Module 6: Computational Neuroscience
Students will learn the theory and develop the practical skills to apply a wide variety of computational analytical techniques to complex data sets obtained from a wide variety of sources e.g. fMRI, EEG/MEG, cognitive task data, genotypes and endophenotypes.
Module 7: Brain Plasticity and Neuro-regeneration
Students will investigate the fundamental molecular, cellular and system biology aspects of the principles of brain plasticity and neuro-regeneration. Students will then cover state of the art concepts of regenerative bioengineering and biomaterials, how they can be tested as potential treatments in neuro-regeneration models and ultimately translated into clinical trials.
Module 8: Addiction and Neuropsychopharmacology in Psychiatry
Students will investigate the clinical features of key psychiatric disorders, including addictions, and how such disorders are clinically treated. Students will then explore the neurobiological and neuropharmacological basis for psychiatric disorders. Students will gain a good understanding of what experimental approaches are available to characterize such disorders including neuroimaging (PET, MR), ‘first-into-man’ and clinical trials.
Assessments and examinations
The grades for each module will determined through a combination of in-course assessment and written examinations.
Each taught module requires the student to complete an assignment, which can take a variety of formats e.g. essay, practical write-up, research proposal, poster presentation etc., which contribute to the overall examination grade for each module (30% for each module apart from module 6 where the in-course assessment accounts for 50% of the final grade).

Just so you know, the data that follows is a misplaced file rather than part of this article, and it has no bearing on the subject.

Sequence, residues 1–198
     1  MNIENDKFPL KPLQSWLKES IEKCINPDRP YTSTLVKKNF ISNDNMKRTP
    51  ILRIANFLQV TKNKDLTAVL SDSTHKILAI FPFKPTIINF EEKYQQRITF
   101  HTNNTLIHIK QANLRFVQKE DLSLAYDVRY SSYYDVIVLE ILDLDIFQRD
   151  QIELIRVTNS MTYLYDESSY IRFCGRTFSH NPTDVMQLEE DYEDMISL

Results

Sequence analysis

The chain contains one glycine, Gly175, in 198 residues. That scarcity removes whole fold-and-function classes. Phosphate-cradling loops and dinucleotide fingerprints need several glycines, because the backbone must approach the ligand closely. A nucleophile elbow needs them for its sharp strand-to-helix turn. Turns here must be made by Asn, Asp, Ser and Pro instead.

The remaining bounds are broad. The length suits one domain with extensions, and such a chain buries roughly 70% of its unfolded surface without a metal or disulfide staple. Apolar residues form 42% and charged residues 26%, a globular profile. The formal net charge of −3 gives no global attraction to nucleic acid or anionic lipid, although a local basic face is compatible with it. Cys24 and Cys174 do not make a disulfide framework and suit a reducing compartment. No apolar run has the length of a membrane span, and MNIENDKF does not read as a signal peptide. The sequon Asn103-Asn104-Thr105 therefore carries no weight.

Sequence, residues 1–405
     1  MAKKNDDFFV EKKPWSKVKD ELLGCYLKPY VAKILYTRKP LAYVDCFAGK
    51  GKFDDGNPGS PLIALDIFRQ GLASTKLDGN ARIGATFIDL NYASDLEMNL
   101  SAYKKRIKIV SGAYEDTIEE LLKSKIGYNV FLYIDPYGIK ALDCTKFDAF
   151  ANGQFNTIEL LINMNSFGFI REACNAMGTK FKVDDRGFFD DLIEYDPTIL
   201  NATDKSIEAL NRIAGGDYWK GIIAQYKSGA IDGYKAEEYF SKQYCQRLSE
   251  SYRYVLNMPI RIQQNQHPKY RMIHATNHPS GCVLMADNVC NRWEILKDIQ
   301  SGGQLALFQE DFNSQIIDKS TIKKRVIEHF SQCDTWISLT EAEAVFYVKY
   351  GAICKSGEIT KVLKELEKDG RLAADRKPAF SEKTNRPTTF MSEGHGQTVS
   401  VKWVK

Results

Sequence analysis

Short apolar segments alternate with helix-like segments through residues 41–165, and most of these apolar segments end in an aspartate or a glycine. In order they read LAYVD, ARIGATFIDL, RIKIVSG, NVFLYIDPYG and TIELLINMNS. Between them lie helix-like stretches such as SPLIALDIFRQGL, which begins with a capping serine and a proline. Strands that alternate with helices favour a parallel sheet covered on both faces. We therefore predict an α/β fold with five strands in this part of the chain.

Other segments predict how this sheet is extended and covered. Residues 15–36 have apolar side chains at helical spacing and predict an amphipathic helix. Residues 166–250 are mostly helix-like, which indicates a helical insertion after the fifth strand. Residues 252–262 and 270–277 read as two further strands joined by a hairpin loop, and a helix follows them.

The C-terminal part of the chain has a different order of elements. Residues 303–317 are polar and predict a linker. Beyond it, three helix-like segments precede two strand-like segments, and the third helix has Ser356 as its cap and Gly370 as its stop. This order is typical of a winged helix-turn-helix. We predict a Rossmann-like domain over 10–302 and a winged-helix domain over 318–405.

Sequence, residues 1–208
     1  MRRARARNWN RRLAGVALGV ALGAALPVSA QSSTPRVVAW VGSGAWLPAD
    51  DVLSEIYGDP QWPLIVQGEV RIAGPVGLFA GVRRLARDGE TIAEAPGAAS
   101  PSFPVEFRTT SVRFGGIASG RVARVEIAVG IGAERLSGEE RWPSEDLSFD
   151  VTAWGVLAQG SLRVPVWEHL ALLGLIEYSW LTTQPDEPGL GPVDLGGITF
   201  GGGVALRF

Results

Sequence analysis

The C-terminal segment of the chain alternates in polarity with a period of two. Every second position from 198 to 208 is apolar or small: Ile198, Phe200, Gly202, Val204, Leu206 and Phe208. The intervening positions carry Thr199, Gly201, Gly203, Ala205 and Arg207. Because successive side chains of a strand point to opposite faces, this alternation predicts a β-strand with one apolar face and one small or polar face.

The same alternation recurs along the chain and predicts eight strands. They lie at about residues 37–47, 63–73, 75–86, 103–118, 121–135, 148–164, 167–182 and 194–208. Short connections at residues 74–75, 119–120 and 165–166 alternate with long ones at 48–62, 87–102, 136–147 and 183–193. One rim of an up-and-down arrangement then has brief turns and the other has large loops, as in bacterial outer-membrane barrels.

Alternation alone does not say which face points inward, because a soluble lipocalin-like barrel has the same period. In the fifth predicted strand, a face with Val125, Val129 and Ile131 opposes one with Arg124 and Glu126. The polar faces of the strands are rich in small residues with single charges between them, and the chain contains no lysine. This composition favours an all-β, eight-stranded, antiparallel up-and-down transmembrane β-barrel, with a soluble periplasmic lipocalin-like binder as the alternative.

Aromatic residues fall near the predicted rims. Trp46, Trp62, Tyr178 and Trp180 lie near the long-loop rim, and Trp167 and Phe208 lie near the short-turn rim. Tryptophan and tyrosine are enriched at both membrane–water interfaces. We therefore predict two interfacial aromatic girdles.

Each module will have a standalone written examination paper (generally 1.5 hours in duration). Examinations for modules 1-4 will take place in a revision and examination period at the end of module 4, generally at the beginning of January. Similarly, written examinations for your two optional taught modules will take place in a revision and examination period at the end of your second module in stream 1 or 2, generally at the end of February. All taught modules carry identical weighting (8.3r%) in the determination of your final MSc grade.
Research Component – six month laboratory project
Students will be able to select from a wide range of research projects on offer and conduct cutting edge research in some of the most modern and well equipped research facilities in the UK. The majority of the projects will be offered within the diverse research portfolio of the Division of Brain Science. Students will be hosted in research facilities run by world leading academics and clinicians at forefront of medical research in order give students experience of top quality, cutting edge, competitive research. The research component will be assessed by a written dissertation of the research project (85%) and an oral presentation on the research project (15%).